Amazon's popular Kindle Fire is missing in action outside the U.S., angering consumers in Canada and the U.K. and costing the company some money.
tablets go, Amazon's
(NASDAQ:AMZN) Kindle Fire
is absolutely flourishing in the U.S., where
industry analysts estimate
the e-commerce company sold 4 million to 6 million of the 7-inch slates at $199
a pop for the holiday quarter.
report of the Kindle Fire's success adds some more salt to the tender wounds of
consumers who can't get a Kindle Fire yetthat is, anyone outside the U.S. eWEEK
has heard complaints from readers
in several countries that the Fire is not yet available to them.
based in Toronto, wrote to eWEEK
Galaxy Tab, Motorola Xoom, Acer tablets and the iPad, the Kindle Fire is sold
ONLY in the United States. There are MANY Amazon international customers
(myself included) who are extremely aggravated by the companys decision to
fundamentally ignore the rest of the world. Perhaps a small matter in the U.S.,
but a big deal elsewhere. Just check the Amazon chatter in the U.K.
particularly strong in the U.K., with consumers lodging over 1,000 complaints
in the Amazon
U.K. support forum
railing against the company for not providing the
low-cost tablet in England. Take
, from Fleabag, published Feb. 8:
I got tired
of waitingand am glad I did! I have bought an Archos G9, which does a lot more
than the Fire will do for a similar price, and runs a later version of Android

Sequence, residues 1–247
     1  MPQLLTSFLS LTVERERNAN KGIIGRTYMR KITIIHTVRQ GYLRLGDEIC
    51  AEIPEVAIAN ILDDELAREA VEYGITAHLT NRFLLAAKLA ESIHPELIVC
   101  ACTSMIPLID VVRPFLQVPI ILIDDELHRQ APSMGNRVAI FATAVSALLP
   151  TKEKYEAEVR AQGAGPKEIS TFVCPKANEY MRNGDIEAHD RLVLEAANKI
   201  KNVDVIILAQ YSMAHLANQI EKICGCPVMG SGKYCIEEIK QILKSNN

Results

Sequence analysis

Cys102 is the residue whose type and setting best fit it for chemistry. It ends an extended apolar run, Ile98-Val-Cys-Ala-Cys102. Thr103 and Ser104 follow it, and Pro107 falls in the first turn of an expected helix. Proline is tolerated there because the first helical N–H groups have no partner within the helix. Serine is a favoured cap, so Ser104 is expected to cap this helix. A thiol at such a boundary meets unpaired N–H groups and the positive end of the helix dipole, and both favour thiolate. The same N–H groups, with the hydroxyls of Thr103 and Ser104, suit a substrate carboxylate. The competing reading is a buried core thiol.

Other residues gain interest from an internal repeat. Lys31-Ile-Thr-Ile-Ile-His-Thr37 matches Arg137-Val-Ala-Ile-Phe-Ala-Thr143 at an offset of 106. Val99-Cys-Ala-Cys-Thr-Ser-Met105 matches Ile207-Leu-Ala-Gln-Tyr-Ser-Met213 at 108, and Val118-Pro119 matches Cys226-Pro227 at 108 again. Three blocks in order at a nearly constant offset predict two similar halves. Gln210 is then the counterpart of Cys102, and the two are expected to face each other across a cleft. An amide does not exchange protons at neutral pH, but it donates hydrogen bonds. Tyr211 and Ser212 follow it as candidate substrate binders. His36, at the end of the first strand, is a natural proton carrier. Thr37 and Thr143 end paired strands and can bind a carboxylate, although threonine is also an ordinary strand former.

without all Amazon's overlays reporting back exactly what I do.
Amazon did not
respond to comment for this report, but there is precedence for this cautious
(NASDAQ:AAPL) launched its vaunted iPad in the U.S. in March 2010. But the
available in countries
such as Australia, Canada, France, Germany, Italy,
Japan, Spain, Switzerland and the U.K. until May 28.
Apple did much
better with its iPad 2 in 2011. The company launched the category-defining
device March 11 in the U.S. Two weeks later, on March 25, the slate rolled out
to the U.K., Australia, Austria, Belgium, Canada and more than a dozen other
analyst Jack Gold thinks the protests about the Kindle Fire's geographic
limitations are much ado about nothing for now.
that the iPhone and iPad were limited oversees at first as well. Give Amazon a
little time. I do expect to see the Kindle arrive in other markets. But Amazon
rightly wants to focus on one market and get it right first. Then, it will
expand. And don't forget, it is struggling to meet demand of the U.S. right
now¦ what if it had international demand? It takes time to ramp up.
Even so, one
can't help but wonder how much money Amazon is costing itself by failing to
meet pent-up demand overseas.
Amazon is taking a loss on the Fire hardware, selling the device roughly at
cost. However, RBC
Capital analyst Ross Sandler has said
Amazon could make $136 per Fire in
content such as electronic books, applications and streaming movies, over the
lifetime of the device.
potentially a lot of money Amazon is missing out on in the short term. Then
again, Amazon CEO Jeff Bezos preaches the long haul. After 15 years or so
establishing Amazon as the premier e-commerce destination, it's hard to argue.
point that bears consideration: Apple is renowned for its worldwide
distribution pipeline and capabilities. It's being bringing Macs, iPhones and
iPads to international markets for years.
only been offering its Kindle e-readers since 2007. One could argue the
company's ability to bring other devices to market is untested and unproven.
the consumers are ready outside the U.S. It's now Amazon's move.